Now, I am going on a straight road and was primarily if not exclusively using the front brakes. I was not in a turn and I was thinking it might slide, so I expected the front wheel to slide straight forward. I do practice hard stopping on dry surface and on wet surface a few times, but not going 40 MPH.

But the road I was traveling on has imperfections in that the center is crowned. I usually ride in the middle to avoid the puddle of water that accumulates in the grooves car tires make. Maybe that was where I went wrong.. it is probably more slippery there.

I have a good reflex that came from a few years of flight instructing, so I am not that slow to react especially when I know it is coming.

I am watching
and the time between when the sliding started and the bike went out of control is very short. The bike was also going straight.
 

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But the road I was traveling on has imperfections in that the center is crowned. I usually ride in the middle to avoid the puddle of water that accumulates in the grooves car tires make. Maybe that was where I went wrong.. it is probably more slippery there.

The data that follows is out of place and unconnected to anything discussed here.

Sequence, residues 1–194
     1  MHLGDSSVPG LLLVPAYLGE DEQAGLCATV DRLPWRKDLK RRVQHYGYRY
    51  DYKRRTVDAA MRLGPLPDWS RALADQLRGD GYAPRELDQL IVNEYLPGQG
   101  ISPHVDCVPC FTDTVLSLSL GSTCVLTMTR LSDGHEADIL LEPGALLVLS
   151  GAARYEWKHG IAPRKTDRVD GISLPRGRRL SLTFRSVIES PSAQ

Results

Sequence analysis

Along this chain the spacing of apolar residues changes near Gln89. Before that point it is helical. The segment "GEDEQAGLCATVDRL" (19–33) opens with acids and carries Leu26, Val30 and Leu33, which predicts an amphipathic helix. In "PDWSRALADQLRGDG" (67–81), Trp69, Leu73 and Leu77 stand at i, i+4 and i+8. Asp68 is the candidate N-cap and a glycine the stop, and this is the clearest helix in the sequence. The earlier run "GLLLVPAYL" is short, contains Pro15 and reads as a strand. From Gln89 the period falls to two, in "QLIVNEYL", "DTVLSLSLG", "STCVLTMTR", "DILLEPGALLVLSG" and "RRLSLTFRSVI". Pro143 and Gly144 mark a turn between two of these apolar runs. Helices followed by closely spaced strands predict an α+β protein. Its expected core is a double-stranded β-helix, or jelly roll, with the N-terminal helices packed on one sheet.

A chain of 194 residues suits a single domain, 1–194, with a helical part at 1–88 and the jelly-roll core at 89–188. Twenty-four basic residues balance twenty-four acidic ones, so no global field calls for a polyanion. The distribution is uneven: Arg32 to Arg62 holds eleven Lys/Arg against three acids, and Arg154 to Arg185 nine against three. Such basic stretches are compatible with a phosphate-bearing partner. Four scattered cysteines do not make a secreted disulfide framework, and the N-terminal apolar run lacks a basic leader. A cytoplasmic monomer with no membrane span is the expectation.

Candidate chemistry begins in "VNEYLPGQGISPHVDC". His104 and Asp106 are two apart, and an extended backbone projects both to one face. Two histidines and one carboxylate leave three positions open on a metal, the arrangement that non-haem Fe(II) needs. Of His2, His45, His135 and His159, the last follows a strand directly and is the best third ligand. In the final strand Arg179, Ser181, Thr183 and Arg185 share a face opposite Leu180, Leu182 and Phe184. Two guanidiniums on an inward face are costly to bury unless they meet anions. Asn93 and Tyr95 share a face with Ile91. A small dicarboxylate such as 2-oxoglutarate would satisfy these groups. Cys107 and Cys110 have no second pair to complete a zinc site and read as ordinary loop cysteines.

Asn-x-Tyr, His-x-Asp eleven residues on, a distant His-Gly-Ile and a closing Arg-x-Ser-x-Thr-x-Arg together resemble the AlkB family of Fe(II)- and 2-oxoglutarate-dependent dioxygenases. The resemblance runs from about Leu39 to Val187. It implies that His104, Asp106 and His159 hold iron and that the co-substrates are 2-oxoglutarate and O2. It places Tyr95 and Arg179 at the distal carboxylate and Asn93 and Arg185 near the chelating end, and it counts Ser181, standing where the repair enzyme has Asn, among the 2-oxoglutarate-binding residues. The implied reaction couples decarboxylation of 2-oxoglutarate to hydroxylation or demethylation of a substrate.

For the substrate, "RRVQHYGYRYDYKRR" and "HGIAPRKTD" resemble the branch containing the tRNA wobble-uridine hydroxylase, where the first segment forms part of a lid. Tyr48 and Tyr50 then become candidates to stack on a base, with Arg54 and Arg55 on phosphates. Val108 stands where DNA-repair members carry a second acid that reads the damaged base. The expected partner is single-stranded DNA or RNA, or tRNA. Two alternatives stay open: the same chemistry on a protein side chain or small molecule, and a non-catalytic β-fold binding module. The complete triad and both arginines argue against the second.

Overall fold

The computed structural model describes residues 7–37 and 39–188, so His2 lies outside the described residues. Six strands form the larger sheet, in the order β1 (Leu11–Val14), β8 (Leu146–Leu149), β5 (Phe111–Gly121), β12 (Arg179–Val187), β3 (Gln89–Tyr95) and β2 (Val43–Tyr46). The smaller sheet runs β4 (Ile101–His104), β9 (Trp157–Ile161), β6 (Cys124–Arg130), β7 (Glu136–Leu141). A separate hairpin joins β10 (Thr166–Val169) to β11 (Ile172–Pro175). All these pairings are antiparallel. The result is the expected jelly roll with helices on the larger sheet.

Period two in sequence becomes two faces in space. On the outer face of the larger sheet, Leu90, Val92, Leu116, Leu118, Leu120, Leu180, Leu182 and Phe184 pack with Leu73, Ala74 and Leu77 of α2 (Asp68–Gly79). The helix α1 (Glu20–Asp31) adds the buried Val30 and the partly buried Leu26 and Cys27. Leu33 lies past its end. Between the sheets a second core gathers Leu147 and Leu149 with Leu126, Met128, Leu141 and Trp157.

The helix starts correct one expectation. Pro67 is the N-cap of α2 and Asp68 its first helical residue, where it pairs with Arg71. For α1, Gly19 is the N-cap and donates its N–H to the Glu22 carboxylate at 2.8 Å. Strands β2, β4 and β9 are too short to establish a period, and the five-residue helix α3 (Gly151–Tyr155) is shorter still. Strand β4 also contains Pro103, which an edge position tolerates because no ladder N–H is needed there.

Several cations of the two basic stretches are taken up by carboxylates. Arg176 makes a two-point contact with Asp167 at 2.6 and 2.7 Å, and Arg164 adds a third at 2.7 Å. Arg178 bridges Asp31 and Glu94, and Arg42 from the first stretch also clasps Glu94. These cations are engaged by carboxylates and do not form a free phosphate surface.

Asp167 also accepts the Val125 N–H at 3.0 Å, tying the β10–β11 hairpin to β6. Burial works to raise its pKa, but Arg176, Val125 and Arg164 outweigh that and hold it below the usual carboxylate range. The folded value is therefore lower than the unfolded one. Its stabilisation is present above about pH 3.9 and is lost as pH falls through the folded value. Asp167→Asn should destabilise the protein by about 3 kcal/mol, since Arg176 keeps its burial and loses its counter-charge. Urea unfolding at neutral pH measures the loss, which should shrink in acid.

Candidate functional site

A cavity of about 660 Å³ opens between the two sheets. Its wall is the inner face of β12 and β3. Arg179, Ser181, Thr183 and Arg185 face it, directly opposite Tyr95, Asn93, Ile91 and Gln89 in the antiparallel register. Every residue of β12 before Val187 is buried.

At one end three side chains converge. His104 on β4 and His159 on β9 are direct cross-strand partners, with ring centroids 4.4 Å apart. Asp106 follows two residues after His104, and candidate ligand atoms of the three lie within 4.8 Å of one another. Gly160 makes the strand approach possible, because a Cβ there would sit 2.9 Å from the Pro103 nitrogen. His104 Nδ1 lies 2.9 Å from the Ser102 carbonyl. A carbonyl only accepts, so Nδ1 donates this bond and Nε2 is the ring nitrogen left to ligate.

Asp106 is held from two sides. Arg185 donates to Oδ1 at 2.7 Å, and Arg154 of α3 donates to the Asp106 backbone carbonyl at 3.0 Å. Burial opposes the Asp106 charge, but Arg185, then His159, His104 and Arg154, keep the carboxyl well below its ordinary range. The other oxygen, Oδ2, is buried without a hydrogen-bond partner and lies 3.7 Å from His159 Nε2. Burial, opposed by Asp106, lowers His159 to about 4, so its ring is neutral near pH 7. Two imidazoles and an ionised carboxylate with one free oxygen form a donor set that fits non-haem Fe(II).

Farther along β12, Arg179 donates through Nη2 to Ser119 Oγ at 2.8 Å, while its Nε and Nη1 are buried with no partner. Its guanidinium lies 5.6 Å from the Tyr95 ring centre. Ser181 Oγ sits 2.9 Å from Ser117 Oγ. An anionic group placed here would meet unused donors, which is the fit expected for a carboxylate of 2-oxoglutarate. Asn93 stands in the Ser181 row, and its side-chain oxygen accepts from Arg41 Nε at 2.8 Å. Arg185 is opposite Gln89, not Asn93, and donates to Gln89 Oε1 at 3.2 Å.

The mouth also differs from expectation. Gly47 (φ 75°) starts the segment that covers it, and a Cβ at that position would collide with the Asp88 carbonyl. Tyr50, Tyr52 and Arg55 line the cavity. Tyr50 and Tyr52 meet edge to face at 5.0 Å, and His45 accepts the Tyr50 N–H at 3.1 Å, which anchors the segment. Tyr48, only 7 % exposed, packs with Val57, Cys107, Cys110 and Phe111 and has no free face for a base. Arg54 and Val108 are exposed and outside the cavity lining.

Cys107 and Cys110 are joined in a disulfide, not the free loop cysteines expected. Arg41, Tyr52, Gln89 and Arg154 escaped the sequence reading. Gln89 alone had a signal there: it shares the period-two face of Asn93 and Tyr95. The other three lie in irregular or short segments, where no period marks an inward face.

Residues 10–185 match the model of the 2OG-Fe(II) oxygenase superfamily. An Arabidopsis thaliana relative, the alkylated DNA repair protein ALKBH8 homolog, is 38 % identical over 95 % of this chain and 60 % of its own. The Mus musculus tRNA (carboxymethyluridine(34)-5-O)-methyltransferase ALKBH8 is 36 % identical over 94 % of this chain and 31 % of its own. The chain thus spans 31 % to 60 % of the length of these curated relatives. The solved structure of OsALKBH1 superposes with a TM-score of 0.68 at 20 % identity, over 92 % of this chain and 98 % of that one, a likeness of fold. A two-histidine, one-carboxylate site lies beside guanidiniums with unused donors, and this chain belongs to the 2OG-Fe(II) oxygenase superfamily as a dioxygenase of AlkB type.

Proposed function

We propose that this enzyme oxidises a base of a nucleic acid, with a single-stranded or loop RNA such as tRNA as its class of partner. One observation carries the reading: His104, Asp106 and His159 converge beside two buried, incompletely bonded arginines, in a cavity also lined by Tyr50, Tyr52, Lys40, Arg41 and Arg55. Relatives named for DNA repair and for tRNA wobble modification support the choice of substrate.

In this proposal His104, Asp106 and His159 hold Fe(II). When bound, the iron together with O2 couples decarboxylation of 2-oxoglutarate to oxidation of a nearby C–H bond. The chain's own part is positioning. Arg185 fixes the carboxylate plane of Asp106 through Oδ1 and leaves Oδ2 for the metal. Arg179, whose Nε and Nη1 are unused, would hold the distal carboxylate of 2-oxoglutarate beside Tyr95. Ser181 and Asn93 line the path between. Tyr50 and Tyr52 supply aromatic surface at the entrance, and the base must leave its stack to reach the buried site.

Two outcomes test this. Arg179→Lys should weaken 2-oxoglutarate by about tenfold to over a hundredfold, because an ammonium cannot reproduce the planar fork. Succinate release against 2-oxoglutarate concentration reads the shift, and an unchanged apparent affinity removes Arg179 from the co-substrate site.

The cnter of a lane is the most slippery part of the road. Even worse at a intersection. When a vehicle drops any fluids they fall into the center of the lane as the car travels over, or sits there at the light. I personally always stay in one of the wheel lanes.

ABS does help, but it is not the end all best thing in the world for braking.
 

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IMO, ABS would not help in this situation. ABS prevents the wheels from locking up, so that you still can steer and control the bike, away from danger. In your situation, if I read correctly, there was no long lockups but it happened suddenly. You may have hit an uneven surface that could have triggered the slip...and i think you may still be using the original tires. If so, changing to better tires would have prevented such situations. The Dunlops are really bad when wet, and worse when going over painted surfaces. It's like riding on ice.
 

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We can speculate to eternity on this one about what happened. However, since not even you can tell what happened I will add to the general speculative thread.

Things that could have helped you:

Low side was probably a result of the rear tire lock with a slip on the front. If that is the case ABS should have helped since it would have avoided the rear lock.